With: Isshaq Al-Barbary, Niklas Goldbach, Sandi Hilal, Elias Khoury, Khalil Abu Laham, Alessandro Petti, Lorenzo Pezzani, Rasha Salti, Jad Tabet, Eyal Weizman
Curated by Rasha Salti and Paul B. Preciado
This gathering of the Parliament of Bodies will explore the genealogies, epistemologies, heritage, and knowledge produced within one of the most poignant and morbid legacies of the twentieth century, namely “refugee camps.” The century’s first refugees were survivors of the genocide of the Armenian populations living in the territory that would soon become the Republic of Turkey between 1915 and 1923. The Armenian genocide marked the emergence of international humanitarian relief to survivors, the establishment of camps, triage stations in neighboring countries, and the international media documenting the horrors of their experience in reports and photographs. The refugee camp invented a political regime without political rights and a visual regime of total exposure and dispossession.
Throughout the past century, scholarship, theory, and policy have focused on citizenship and the nation state, while all other forms of community formation, economic and urban organization, as well as the fabric of social relations outside the paradigms of the state and citizenship are perceived as theoretically exceptional, pertaining to anthropology, ethnography, and humanitarian contingency. Established based on the principles of temporariness and impermanence, camps have prevailed for longer than half a century, and generations of their dwellers were born into the world carrying their identity as refugees, even if they had not themselves experienced the forced displacement that their parents or grandparents experienced. Over time, refugee camps become districts in cities, and refugees the denizens, indentured laborers, the “guest others” of a national economy. A hundred years after the Armenian genocide, the number of people who are identified as refugees has increased exponentially. Humanitarian organizations entrusted with their survival and destiny are so profoundly institutionalized that they have become normalized and commonplace, yet the perception of what camps represent remains “outside” the realms of useful knowledge, of ways of acting and being in the world.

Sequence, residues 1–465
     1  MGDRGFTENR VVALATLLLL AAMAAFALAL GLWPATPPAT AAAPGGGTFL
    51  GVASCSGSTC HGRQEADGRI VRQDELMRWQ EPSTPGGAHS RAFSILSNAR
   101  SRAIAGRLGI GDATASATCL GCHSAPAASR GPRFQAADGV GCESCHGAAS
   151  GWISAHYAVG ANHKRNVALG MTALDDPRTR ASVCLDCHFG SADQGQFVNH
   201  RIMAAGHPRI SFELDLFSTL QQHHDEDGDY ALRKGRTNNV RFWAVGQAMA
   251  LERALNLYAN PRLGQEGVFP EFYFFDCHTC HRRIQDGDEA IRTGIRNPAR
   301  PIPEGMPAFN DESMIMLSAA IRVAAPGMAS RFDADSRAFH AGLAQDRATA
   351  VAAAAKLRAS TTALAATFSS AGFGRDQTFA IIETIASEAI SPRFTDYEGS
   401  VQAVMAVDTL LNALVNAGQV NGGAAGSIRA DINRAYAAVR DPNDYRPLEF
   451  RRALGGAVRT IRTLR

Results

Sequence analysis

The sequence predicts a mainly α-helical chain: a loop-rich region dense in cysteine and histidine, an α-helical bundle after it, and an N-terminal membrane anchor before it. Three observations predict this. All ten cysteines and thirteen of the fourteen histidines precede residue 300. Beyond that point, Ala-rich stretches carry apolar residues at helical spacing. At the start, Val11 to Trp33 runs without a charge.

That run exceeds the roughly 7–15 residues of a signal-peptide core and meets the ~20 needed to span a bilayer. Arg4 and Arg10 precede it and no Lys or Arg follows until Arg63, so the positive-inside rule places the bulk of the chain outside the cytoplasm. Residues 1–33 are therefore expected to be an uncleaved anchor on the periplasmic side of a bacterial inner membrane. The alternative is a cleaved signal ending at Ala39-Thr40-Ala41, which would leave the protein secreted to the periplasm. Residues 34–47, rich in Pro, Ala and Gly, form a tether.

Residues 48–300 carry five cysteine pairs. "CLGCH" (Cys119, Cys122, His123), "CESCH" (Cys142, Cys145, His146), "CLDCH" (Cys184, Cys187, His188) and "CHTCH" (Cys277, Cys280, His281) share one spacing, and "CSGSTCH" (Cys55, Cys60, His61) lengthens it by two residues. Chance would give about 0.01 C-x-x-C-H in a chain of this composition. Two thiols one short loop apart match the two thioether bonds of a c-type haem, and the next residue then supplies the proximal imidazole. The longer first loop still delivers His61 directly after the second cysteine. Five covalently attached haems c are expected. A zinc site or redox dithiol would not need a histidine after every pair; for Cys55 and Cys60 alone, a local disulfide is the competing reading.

This forum, within the Parliament of Bodies, proposes to reverse the paradigms and explore refugee camps and being a refugee in the world as central, rather than epiphenomenal, exceptional, or temporary notions. From Beirut to Calais, from Lesbos to Zaatari, we invite architects, urban planners, theorists, filmmakers, artists, writers, and activists to reflect on the knowledge accumulated and transmitted from life in the camps, the myriad histories of acting, building, resisting, and negotiating power and authority; producing community, space, and temporality. The legacy of a century of refugee camps constitutes fertile terrain to interrogate the normative paradigms of nation state and citizenship and reevaluate different cosmogonies for the organization of society, relations of authority and power, as well as production of economy, space and time.